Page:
The court added that at sentencing defendant's expression of remorse was considered and, given the circumstances of the plea, defendant's counsel was not "ineffective." This appeal followed.
Defendant makes the following arguments on appeal:
THE POST-CONVICTION RELIEF COURT ERRED IN FINDING THAT DEFENDANT FAILED TO DEMONSTRATE THAT HE WAS DENIED THE EFFECTIVE ASSISTANCE OF TRIAL COUNSEL.
POINT TWO THE POST-CONVICTION RELIEF COURT ERRED IN FAILING TO GRANT DEFENDANT AN EVIDENTIARY HEARING ON THE ISSUE OF INEFFECTIVENESS OF TRIAL COUNSEL.
After reviewing the record and the briefs in light of the applicable law, we conclude that none of these arguments has sufficient merit to warrant discussion in a written opinion. R. 2:11-3(e)(2). We add only the following brief comments.
"Post-conviction relief is New Jersey's analogue to the federal writ of habeas corpus." State v. Preciose, 129 N.J. 451, 459 (1992) (citation omitted). "A petitioner must establish the right to such relief by a preponderance of the credible evidence." Ibid. (citations omitted). "To sustain that burden, specific facts" which "provide the court with an adequate basis on which to rest its decision" must be articulated. State v. Mitchell, 126 N.J. 565, 579 (1992).
Merely raising a claim of ineffective assistance of counsel does not, however, entitle a defendant to an evidentiary hearing. State v. Cummings, 321 N.J. Super. 154, 170 (App. Div.), certif. denied, 162 N.J. 199 (1999). Rather, the decision to hold an evidentiary hearing on a defendant's ineffective-assistance-of-counsel claim is within the trial court's discretion. Ibid.
Trial courts should grant evidentiary hearings and make a determination on the merits of a defendant's claim only if the defendant has presented a prima facie claim of ineffective assistance. Preciose, supra, 129 N.J. at 462-64. In determining whether a prima facie claim has been established, the facts should be viewed "in the light most favorable to a defendant." Id. at 462-63.
Further, "[t]o establish a prima facie claim of ineffective assistance of counsel, a defendant must demonstrate [a] reasonable likelihood of succe[ss] under the test set forth in Strickland v. Washington, 466 U.S. 668, 694, 104 S. Ct. 2052, 2068, 80 L. Ed. 2d 674, 698 (1984) . . . ." Preciose, supra, 129 N.J. at 463. Under the first prong of the Strickland test, a "defendant must show that [defense] counsel's performance was deficient." Strickland, supra, 466 U.S. at 687, 104 S. Ct. at 2064, 80 L. Ed. 2d at 693. Under the second prong, a defendant must demonstrate "a reasonable probability that, but for counsel's unprofessional errors, the result of the proceeding would have been different." Id. at 694, 104 S. Ct. at 2068, 80 L. Ed. 2d at 698. The two-part test set forth in Strickland was adopted by this State in State v. Fritz, 105 N.J. 42, 58 (1987).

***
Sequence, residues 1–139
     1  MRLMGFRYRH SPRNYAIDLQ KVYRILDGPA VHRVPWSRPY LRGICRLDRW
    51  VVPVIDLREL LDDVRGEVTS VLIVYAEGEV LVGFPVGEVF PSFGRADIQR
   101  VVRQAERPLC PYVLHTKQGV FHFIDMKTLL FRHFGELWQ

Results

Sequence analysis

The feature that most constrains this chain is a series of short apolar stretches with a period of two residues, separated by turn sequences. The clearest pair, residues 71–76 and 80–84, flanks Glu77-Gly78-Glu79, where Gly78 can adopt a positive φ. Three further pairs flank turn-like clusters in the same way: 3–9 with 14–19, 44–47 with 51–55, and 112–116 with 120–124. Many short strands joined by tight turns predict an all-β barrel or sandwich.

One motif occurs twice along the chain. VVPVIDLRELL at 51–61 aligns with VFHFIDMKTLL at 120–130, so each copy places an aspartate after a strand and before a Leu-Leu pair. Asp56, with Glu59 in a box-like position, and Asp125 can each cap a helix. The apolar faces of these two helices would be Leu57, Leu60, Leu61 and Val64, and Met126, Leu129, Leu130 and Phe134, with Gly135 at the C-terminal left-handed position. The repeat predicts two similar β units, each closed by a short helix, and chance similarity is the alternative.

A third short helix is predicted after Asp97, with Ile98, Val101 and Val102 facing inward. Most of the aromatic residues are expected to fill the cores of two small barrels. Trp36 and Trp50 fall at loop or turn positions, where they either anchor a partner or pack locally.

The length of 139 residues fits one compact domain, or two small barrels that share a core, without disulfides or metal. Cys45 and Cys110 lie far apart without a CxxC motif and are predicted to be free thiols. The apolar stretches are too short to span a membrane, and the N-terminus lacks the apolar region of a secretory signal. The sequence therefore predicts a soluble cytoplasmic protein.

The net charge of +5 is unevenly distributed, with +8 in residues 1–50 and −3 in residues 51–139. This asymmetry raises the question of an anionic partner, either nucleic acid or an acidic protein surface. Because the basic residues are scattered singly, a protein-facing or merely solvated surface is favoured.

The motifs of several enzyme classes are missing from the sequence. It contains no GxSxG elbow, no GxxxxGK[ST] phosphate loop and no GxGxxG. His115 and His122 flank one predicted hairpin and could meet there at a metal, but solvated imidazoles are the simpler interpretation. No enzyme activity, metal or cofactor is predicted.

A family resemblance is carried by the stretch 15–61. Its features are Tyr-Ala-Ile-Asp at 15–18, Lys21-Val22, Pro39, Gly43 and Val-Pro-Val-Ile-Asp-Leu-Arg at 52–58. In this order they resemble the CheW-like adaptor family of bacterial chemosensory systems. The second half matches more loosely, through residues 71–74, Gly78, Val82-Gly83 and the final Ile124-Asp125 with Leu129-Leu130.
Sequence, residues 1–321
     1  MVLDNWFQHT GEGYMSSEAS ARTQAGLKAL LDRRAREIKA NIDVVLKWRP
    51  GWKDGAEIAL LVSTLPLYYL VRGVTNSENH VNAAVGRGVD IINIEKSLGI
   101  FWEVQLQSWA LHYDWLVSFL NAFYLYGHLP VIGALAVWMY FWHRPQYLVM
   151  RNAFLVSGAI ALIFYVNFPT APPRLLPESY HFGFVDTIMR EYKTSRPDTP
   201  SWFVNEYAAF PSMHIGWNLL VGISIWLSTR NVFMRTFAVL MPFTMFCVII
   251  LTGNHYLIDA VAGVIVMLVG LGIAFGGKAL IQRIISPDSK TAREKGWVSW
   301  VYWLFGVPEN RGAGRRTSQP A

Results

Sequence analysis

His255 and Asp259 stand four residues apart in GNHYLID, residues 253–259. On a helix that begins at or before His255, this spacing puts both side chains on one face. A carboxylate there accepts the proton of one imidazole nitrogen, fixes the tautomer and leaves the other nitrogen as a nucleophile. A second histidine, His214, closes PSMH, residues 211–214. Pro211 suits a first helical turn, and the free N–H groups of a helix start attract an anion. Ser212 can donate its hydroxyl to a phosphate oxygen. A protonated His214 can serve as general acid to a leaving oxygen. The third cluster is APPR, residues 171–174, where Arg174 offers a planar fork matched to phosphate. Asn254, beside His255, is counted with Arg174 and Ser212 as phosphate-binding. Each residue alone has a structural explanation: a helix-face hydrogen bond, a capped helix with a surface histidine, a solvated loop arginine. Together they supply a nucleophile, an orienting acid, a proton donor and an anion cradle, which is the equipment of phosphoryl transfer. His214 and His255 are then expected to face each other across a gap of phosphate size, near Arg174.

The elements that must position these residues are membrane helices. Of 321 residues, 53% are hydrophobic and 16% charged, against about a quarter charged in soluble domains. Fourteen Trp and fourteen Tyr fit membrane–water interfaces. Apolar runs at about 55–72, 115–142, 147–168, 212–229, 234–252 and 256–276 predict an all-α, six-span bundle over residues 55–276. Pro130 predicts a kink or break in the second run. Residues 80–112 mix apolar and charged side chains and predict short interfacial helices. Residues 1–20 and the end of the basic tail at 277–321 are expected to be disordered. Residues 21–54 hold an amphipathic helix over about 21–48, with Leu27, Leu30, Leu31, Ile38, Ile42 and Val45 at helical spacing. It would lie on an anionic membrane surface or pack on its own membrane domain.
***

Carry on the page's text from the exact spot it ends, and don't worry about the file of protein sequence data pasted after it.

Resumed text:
In demonstrating that counsel's performance was deficient under the first prong of Strickland, defendant must overcome "'a strong presumption that counsel's conduct falls within the wide range of reasonable professional assistance.'" Fritz, supra, 105 N.J. at 52 (quoting Strickland, supra, 466 U.S. at 689, 104 S. Ct. at 2065, 80 L. Ed. 2d at 694). Further, because prejudice is not presumed, ibid., a defendant must demonstrate "how specific errors of counsel undermined the reliability" of the proceeding. United States v. Cronic, 466 U.S. 648, 659 n.26, 104 S. Ct. 2039, 2047 n.26, 80 L. Ed. 2d 657, 668 n.26 (1984).
Guided by these principles, we note that in support of his PCR petition, defendant alleges nothing more than a statement that his first public defender "offered [him] a plea of seven years" which he was inclined to accept. There is no claim or suggestion that such a plea had been offered by the State or that such an offer had been reduced to a writing as required by Rule 3:9-1(b). Moreover, at no time during the plea hearing or sentencing did defendant advert to the alleged earlier plea offer. In fact, defendant conceded his understanding of the plea, and stated that his counsel had answered all his questions and that he was satisfied with counsel's representation.